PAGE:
District Court Held That Insurer Had No Duty To Defend And Indemnify Under A Coblentz Agreement

Sinni v. Scottsdale Ins. Co.

(United States District Court, Middle District of Florida, December 18, 2009)


This action arises out of a slip-and-fall suit that culminated in a “Coblentz agreement” between the parties binding the insurer to the terms of the agreement (i.e., where an insurer has wrongfully refused to defend its insured and there is coverage under the policy, the insurer may be bound by the terms of a negotiated final consent judgment entered against its insured. Coblentz v. Am. Sur. Co. of N.Y., 416 F2d 1059 (5th Cir. 1969).  Specifically, approximately on year after filing suit, plaintiff resolved all of her claims against the underlying defendants by entering into and “Assignment, Settlement Agreement and Covenant Not to Execute.”  Pursuant to the agreement, plaintiff agreed to the entry of a $300,000 judgment against the underlying defendants.  They further agreed, however, that plaintiff would not attempt to record or execute against the judgment.  Instead, the defendants assigned all rights in their commercial general liability policy to plaintiff so that she could enforce the judgment against defendant’s carrier.  Thereafter, plaintiff filed an “amended” complaint seeking to enforce the consent judgment against the insurer.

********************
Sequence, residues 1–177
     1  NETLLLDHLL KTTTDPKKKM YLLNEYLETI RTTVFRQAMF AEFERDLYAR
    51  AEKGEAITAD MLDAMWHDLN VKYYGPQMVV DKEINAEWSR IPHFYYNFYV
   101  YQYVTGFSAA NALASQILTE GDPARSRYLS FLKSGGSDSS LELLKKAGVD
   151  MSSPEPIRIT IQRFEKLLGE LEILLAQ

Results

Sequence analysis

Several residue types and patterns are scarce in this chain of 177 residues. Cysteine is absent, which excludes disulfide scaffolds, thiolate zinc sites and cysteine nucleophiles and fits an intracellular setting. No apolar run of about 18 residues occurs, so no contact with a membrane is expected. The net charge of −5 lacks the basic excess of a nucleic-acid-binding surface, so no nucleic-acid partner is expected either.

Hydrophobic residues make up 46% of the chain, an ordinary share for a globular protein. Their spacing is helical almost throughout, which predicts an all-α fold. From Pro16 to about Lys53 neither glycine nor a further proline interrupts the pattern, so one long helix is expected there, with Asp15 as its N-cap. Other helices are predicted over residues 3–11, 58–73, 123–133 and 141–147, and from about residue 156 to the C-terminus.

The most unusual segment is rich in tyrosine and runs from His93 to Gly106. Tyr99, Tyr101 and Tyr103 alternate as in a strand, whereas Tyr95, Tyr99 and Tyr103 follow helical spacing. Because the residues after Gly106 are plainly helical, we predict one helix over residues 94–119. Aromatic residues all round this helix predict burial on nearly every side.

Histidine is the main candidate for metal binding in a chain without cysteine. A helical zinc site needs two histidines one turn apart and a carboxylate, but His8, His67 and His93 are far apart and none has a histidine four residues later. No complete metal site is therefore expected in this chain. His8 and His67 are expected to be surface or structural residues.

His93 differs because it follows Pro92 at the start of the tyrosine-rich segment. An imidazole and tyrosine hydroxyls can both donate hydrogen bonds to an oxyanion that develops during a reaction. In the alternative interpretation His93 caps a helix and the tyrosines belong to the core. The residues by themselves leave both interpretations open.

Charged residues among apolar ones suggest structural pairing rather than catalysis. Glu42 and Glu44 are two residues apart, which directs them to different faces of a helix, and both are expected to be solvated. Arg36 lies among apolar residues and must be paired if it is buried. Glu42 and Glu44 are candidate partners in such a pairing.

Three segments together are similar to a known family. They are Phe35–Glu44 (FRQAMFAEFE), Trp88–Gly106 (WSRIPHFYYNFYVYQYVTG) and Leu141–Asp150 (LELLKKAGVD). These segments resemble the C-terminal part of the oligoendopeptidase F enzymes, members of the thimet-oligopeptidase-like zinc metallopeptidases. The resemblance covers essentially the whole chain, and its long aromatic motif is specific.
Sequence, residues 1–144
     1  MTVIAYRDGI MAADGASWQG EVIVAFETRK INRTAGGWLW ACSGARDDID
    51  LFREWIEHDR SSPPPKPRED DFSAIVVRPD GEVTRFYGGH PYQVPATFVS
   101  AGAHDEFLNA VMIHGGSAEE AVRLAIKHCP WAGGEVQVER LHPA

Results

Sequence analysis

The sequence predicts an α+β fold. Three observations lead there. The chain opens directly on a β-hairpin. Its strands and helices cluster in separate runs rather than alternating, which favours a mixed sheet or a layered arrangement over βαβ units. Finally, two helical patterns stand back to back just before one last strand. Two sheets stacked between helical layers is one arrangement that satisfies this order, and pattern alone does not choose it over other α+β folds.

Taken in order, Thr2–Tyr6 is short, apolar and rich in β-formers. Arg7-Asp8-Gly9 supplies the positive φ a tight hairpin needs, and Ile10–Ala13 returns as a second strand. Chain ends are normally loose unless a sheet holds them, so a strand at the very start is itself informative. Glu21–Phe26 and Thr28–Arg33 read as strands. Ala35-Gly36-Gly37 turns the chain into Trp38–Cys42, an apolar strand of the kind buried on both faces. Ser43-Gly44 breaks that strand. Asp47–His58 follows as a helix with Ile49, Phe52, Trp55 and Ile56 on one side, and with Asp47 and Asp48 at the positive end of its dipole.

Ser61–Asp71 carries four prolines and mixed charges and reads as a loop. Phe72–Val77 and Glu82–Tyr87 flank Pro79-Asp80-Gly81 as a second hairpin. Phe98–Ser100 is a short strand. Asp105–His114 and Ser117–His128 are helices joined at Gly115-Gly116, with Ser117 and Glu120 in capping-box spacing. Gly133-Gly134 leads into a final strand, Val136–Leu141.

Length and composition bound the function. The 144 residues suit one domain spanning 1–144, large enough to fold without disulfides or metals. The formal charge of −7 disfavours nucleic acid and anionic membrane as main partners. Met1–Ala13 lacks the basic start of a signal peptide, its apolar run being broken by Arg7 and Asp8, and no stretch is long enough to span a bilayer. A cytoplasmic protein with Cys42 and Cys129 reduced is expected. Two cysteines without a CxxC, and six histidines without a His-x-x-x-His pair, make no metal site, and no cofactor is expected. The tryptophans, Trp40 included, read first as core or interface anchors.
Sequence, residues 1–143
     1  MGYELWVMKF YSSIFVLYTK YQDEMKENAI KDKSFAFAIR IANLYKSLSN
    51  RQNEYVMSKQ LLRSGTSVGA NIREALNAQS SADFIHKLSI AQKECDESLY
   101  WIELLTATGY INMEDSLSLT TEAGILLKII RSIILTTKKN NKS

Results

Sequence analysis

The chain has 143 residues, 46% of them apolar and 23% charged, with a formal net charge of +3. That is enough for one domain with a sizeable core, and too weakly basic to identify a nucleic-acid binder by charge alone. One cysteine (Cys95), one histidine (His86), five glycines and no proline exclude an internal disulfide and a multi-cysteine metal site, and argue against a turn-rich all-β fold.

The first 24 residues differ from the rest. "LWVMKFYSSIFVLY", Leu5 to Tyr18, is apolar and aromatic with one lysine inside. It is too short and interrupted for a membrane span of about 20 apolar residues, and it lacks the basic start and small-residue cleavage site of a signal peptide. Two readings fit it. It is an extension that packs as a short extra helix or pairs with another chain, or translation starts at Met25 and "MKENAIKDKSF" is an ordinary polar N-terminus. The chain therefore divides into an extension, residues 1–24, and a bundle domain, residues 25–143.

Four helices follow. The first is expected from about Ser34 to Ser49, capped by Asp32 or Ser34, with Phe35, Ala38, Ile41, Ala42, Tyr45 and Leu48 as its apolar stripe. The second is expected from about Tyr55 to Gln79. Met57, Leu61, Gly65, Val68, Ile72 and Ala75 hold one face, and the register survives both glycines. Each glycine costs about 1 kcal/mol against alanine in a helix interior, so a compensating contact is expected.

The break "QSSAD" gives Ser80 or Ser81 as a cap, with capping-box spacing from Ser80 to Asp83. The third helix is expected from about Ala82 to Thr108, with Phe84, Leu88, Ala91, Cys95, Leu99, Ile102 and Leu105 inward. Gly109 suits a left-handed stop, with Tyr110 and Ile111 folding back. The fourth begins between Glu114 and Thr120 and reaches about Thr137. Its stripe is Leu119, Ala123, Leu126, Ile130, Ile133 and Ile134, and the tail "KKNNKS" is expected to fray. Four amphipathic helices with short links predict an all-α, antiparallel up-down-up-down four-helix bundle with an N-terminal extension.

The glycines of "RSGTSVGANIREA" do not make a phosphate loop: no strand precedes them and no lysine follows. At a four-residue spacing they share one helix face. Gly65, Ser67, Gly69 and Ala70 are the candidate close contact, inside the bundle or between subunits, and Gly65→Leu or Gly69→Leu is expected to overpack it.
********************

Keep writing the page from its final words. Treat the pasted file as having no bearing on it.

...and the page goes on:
The District Court noted that under Florida law, a party seeking to recover under a Coblentz agreement must prove (1) coverage; (2) a wrongful refusal to defend; and (3) that the settlement was objectively reasonable and made in good faith.  The court further noted that the mere entry of a consent judgment does not establish coverage and an insurer’s failure to defend does not estop the insurer form raising coverage issues in a subsequent suit to satisfy a judgment entered pursuant to a Coblentz agreement.  Thus, to properly bind the insurer under such an agreement, the facts alleged in the complaint must state a claim that falls within the coverage for the policy (i.e., duty to defend) and the allegations in the complaint or the stipulated facts in the consent judgment must actually come within the coverage of the policy. 


Here, the District Court held that based on the exceptional circumstances of the case, the insurer was relieved of any obligation to defend.  Specifically, the court concluded that it was obvious that the actual facts put the matter outside the scope of coverage where plaintiff filed suit even though she had already applied for and was receiving workers’ compensation benefits.  Thus, had plaintiff not concealed that fact from her complaint, her claim would clearly have been barred by the workers’ compensation immunity.  Also, after the insurer received notice and denied coverage, plaintiff recast her claims and mislead the court by alleging she was simply a “business invitee” and then kept the insurer in the dark for nine months after executing the Coblentz agreement while the insurer was still attempting to determine whether it had a duty to defend. 


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Paul Steck and Joanna Roberto




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